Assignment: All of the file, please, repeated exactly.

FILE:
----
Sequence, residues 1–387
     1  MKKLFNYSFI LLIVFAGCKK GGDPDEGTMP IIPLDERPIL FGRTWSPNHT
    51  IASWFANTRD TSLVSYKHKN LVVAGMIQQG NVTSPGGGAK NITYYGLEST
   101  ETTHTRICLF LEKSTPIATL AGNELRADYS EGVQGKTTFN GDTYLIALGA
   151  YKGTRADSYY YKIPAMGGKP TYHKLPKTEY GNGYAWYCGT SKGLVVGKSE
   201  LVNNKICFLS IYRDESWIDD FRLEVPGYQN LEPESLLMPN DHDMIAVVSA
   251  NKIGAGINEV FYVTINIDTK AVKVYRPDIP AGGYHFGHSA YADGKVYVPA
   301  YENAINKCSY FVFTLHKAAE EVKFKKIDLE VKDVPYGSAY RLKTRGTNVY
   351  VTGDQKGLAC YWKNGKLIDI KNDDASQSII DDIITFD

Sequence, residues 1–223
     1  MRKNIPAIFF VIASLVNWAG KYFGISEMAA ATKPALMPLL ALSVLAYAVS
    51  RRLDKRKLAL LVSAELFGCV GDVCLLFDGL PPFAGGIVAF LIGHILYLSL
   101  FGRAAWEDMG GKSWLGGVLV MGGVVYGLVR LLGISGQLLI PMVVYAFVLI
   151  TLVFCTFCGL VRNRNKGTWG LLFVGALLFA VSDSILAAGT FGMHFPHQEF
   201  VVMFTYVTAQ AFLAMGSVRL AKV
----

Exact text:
Sequence, residues 1–387
     1  MKKLFNYSFI LLIVFAGCKK GGDPDEGTMP IIPLDERPIL FGRTWSPNHT
    51  IASWFANTRD TSLVSYKHKN LVVAGMIQQG NVTSPGGGAK NITYYGLEST
   101  ETTHTRICLF LEKSTPIATL AGNELRADYS EGVQGKTTFN GDTYLIALGA
   151  YKGTRADSYY YKIPAMGGKP TYHKLPKTEY GNGYAWYCGT SKGLVVGKSE
   201  LVNNKICFLS IYRDESWIDD FRLEVPGYQN LEPESLLMPN DHDMIAVVSA
   251  NKIGAGINEV FYVTINIDTK AVKVYRPDIP AGGYHFGHSA YADGKVYVPA
   301  YENAINKCSY FVFTLHKAAE EVKFKKIDLE VKDVPYGSAY RLKTRGTNVY
   351  VTGDQKGLAC YWKNGKLIDI KNDDASQSII DDIITFD

Sequence, residues 1–223
     1  MRKNIPAIFF VIASLVNWAG KYFGISEMAA ATKPALMPLL ALSVLAYAVS
    51  RRLDKRKLAL LVSAELFGCV GDVCLLFDGL PPFAGGIVAF LIGHILYLSL
   101  FGRAAWEDMG GKSWLGGVLV MGGVVYGLVR LLGISGQLLI PMVVYAFVLI
   151  TLVFCTFCGL VRNRNKGTWG LLFVGALLFA VSDSILAAGT FGMHFPHQEF
   201  VVMFTYVTAQ AFLAMGSVRL AKV